Does it matter that I prepare ahead of time to read a Scripture Lesson
Yes. I believe that it does.
The scriptures are given a prominent role in Anglican liturgy. The church’s worship services are full of scriptural phrases and sentences. This prominence reflects the Anglican church’s emphasis through the centuries on the primacy of the scriptures. “All scripture is inspired by God and is useful for teaching , for reproof, for correction, and for training in righteousness, so that everyone who belongs to God may be proficient, equipped for every good work.”
(2 Timothy 3:16-17 – NRSV). If we are to respect this prominent role, we should understand the role of the Reader, or “Lector”.
The Reader as Prophet
In a scriptural context, a prophet is a person whom God uses to deliver a divinely inspired message to an individual, a group, a people, a church, or even to nations. Any person who reads the divinely inspired Scriptures aloud to a congregation is therefore doing the work of a prophet. It is known that people have been converted by hearing the Word of God read during the worship service. Certainly this part of the liturgy is meant to be an occasion for the revelation of God’s truth and purposes for His people. Through reading and the work of the Spirit, the worshipping community and each member of it are led to an encounter with the Word of God.
The Reader as Servant
The call to be a reader is a call to be a servant of God and the congregation. It is also a call to allow the reader to be used by the Holy Spirit in worship. Hence the thought of being called to do the work of a prophet in a servant role builds faith, courage and gratitude as well as prevents the reader from being fearful or proud.
The Reader as Representative
Christians gather at worship to hear the Word of God proclaimed and in listening to the Word to be drawn closer to Jesus who is the Word of God. They express their joy and gratitude for God’s past and present healing acts of redemption, to offer God glory and praise, and to be a sign of faith to the community in which they live. When Christians gather to worship God, parish readers speak on behalf of the congregation and speak also on behalf of God to the congregation, as they recount and extol the qualities and deeds of God—Father, Son, and Holy Spirit—as recorded in Scripture. Therefore, the reader speaks as a representative of the whole parish.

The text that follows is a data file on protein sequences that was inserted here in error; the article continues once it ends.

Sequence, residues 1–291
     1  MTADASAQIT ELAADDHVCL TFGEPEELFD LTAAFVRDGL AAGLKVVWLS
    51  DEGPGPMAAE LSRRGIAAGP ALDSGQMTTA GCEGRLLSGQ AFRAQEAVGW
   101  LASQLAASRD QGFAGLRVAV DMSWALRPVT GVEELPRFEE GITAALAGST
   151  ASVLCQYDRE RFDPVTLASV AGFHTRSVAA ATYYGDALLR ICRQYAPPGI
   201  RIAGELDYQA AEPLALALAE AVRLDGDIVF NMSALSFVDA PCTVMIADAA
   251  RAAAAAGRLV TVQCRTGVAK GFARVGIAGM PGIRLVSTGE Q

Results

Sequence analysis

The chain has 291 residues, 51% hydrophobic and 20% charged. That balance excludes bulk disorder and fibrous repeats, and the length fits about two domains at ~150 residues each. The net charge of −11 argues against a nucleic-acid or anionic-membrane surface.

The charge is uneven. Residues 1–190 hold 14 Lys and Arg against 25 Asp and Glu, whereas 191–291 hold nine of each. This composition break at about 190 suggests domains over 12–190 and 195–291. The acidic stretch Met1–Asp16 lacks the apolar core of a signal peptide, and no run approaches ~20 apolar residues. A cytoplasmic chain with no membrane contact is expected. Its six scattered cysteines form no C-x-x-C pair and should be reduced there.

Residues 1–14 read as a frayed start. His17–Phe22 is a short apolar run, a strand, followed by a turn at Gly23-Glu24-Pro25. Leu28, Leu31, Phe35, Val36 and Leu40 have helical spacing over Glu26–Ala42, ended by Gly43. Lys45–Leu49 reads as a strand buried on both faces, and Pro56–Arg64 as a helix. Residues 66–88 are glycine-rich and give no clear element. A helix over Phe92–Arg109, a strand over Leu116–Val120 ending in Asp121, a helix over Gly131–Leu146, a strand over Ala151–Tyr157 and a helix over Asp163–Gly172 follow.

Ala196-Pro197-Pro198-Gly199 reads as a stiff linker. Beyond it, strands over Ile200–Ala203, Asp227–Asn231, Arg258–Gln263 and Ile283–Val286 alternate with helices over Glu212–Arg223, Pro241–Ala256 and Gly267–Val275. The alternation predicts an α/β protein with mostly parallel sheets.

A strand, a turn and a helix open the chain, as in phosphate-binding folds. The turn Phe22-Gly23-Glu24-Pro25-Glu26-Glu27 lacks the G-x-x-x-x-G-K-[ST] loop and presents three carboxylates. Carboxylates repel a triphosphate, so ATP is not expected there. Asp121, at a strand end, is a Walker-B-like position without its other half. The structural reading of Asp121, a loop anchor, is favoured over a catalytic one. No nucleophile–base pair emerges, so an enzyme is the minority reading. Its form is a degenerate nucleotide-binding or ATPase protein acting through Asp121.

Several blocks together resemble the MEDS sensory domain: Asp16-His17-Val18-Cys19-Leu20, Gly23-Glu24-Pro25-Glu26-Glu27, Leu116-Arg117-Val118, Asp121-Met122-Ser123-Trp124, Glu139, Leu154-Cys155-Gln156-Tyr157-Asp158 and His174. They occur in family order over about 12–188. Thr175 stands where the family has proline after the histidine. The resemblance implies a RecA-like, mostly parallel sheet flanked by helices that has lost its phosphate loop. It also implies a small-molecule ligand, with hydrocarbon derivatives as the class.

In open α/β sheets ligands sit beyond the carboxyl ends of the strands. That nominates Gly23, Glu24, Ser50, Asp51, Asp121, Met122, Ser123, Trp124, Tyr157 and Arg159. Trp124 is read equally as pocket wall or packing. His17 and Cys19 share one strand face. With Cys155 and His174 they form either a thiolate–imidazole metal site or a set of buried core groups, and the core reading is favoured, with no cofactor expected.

The Reader as a Person of Prayer
A reader’s prayerful preparation will bring special blessings upon the congregation and him/herself. When preparing for each reading the reader prays that the Holy Spirit will enable her/him to speak the Sacred Scriptures with clarity, confidence and authority. The reader also prays that the hearts, minds, and wills of the reader and the congregation will be open to receive God’s message in the reading.
The Reader as Learner
Reading effectively in a worship service requires knowledge and skills that many parishioners have not had reason to develop previously. For example: skill in reading aloud before a congregation; skill in using a microphone; knowledge and familiarity with the Bible; and the structure of the liturgy. Hence a reader is a learner, whose effectiveness can be strengthened by teaching, coaching, practice and feedback and thereby do his/her best with the gifts God has provided.
There is no substitute for proper preparation for both the reading of the Bible and for leading the Prayers of the People. With proper spiritual and practical preparation, God will be served and the congregation will receive maximum benefit from your efforts. Pray for guidance and understanding at the beginning of your preparation. Seek to understand what God is saying in the readings for the day by reflection, and by using whatever commentaries and books are available. Do not hurry, let God speak to you.
Eternal God, who caused all holy scriptures to be written for our learning, grant us so to hear them, read, mark, learn, and inwardly digest them, that we may embrace and ever hold fast the blessed hope of everlasting life, which you have given us in our Saviour Jesus Christ, who lives and reigns with you and the Holy Spirit, one God for ever and ever. Amen. (The Collect for Proper 32, – BAS)
It is wise to pre-read the passage aloud to find the pace, rhythm and voice inflections most appropriate for the passage. Check pronunciations of difficult words with a Bible dictionary. It is also helpful to locate the reading in the Bible, and to insert a removable yellow sticker note, or some such marker, before and after the passage to be read.
Sit in a location that is near to the lectern, so that the flow of the service will not be interrupted as you move to the place from which you will read or from which you will lead the prayers of the people. Before turning the microphone on or starting to speak, adjust the microphone position if necessary. After the microphone is positioned properly, turn the microphone switch to “On”.
Let the Spirit Work
Having prepared well, we can be confident that the listeners will “Hear what the Spirit is saying to the Church.”